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Faced a strange situation at work today. We have people sitting at a table on opposite sides, with power cables underneath the table. This morning when the person sitting opposite to me banged his feet on ground, it disturbed the power cable to my PC and it turned-off. So when I turned it on, it says, "No boot device found" Press F1 to setup or F5 to perform test...

There was no physical impact/crash/fall of the desktop cabinet, which could have crashed/damaged the hard disk physically.

EDIT: The OS is Windows 7

So I tried to recognize it in the Bios setup, but even there it could not find the SATA disk that is connected to this machine.

So then I opened the cabinet, removed the power supply and plugged it back again. Tried to reboot, same error, "Boot device not found" It is not recognizing the hard disk.

Any ideas about what might be wrong? Hard-disk crash, OS Crash(But it doesn't even go to the point of loading the disk after the initial Bios execution, so doubt this...)

Any pointers about how I should proceed to troubleshoot/solve this error are welcome.

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So the bios isn't recognizing it either? My advice would be to get the drive in another computer or an enclosure. It sounds like the drive died, but I am skeptical because it was just the power that was cut, presumably this is the first time it happened too... –  Kyle Feb 23 '11 at 13:50
    
Please don't cross-post. –  Dennis Williamson Feb 23 '11 at 14:46
    
Besides that fact that this is off-topic for this site and you shouldn't cross-post, please go through your questions and try to mark answers as accepted if you found them useful. –  Dennis Williamson Feb 23 '11 at 14:49

6 Answers 6

up vote 7 down vote accepted

What i would do is this:

  • Listen if the HD starts to spin.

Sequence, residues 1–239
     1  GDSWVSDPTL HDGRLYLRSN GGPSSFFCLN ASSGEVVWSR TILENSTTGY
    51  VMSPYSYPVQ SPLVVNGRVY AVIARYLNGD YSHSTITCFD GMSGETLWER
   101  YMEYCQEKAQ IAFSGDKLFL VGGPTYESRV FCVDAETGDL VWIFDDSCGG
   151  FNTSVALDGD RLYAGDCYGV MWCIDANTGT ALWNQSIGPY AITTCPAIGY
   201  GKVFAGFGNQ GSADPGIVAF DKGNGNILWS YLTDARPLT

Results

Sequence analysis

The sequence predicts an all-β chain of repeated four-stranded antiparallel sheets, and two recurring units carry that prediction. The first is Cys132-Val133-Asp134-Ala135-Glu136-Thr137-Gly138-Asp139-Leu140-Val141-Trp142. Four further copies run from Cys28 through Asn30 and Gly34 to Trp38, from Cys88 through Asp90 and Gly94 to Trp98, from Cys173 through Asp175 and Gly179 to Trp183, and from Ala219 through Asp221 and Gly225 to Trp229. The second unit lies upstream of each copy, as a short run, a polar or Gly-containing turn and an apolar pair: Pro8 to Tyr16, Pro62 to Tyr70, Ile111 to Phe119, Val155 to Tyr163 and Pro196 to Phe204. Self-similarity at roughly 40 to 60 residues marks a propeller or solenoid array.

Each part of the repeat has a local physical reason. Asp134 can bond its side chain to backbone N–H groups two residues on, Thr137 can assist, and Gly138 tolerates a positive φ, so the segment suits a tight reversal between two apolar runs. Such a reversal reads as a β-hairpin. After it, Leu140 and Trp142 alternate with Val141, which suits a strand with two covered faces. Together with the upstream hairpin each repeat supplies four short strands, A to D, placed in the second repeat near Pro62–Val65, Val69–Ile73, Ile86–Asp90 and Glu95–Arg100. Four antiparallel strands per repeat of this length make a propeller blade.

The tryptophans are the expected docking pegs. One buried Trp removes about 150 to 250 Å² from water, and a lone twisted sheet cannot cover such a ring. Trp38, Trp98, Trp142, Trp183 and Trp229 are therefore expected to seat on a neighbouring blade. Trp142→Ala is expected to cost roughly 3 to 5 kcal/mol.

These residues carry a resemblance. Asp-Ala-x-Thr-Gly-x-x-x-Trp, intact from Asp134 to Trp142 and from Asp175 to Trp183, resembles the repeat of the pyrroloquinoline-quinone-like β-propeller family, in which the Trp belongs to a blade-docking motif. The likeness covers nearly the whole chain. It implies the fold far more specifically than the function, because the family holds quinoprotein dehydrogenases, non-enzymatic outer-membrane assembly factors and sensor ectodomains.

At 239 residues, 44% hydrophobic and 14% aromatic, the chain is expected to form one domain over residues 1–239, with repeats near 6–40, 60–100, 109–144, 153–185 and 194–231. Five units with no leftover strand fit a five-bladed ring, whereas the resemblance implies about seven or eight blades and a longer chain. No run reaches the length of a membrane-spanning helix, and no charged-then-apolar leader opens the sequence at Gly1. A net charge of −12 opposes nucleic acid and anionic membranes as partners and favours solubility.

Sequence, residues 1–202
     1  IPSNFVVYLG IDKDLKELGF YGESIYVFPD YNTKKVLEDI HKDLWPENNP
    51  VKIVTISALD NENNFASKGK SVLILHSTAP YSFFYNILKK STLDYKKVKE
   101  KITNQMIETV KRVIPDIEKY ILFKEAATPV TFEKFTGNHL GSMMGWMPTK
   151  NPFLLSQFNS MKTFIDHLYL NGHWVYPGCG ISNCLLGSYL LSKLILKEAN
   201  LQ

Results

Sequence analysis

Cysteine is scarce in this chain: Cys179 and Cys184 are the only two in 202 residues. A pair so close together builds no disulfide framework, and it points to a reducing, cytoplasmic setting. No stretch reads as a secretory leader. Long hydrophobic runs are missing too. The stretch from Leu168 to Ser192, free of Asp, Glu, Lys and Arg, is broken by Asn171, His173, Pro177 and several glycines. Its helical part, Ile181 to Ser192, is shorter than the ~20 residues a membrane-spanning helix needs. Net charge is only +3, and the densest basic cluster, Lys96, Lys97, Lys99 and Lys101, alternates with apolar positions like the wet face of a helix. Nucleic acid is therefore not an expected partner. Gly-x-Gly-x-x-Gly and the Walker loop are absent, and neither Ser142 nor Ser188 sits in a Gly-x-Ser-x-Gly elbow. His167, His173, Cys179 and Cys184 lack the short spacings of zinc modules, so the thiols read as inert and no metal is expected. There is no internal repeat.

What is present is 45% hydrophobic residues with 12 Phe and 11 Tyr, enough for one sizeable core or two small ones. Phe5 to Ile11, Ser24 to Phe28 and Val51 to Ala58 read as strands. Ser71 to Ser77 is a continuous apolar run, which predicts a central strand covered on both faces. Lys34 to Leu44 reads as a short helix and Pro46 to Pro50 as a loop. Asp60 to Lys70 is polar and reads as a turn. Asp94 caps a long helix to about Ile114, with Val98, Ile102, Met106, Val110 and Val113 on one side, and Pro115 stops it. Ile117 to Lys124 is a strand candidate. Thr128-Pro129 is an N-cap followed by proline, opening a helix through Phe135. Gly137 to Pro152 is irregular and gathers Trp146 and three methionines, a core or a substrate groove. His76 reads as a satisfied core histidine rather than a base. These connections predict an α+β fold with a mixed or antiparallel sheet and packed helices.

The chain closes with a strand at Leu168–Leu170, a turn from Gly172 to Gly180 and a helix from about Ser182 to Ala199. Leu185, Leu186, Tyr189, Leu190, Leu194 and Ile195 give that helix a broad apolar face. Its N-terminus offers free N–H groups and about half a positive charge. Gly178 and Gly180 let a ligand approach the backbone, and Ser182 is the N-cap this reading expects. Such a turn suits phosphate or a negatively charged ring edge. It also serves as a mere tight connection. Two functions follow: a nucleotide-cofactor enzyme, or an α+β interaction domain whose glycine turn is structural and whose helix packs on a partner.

• Check if every cable is connected (If it starts to spin the power supply is working).
  • If both is true try another cable and/or SATA/IDE Port
  • Put the drive into another machine if it still does not boot it will probably have some damage (Try to rescue it with fixboot, fixmbr and/or fdisk /mbr).
  • Try to rescue data with the other machine, if the drive gets recognized and spins (I would do this in any case. If the drive gets recognized save your data. It may be possible that this is the last time the drive comes to life.).

An i would fix the way of the cable layout below the table in a way this can not happen again in the future.

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@Darokhtar: I would be trying this HDD in other working PC's. Just a query - Could a power supply spike due to abrupt turn-off-on cause any HDD damage, or the HDD controller damage like when a Cabinet falls and bangs on ground while on and thus crashes the HDD(I have seen this error recently with someone in office). –  goldenmean Feb 23 '11 at 13:51
    
@goldenmean if the power cable is unplugged i think an spike in the power supply is unlikely, as the power is turned of rapidly, it is more like pressing the reset button. More likely is that the mechanic of the HDD gets damaged, or the cables loosen due to the mechanic force. The strange thing in your case is, that your BIOS does not recognizes the drive anymore. I've seen a broken motherboard, a failed HDD a failed power supply and broken RAM and Processor due to coffee in a keyboard. If hardware gets abused anything could happen. I can't explain that dramatic failure... –  Darokthar Feb 23 '11 at 14:00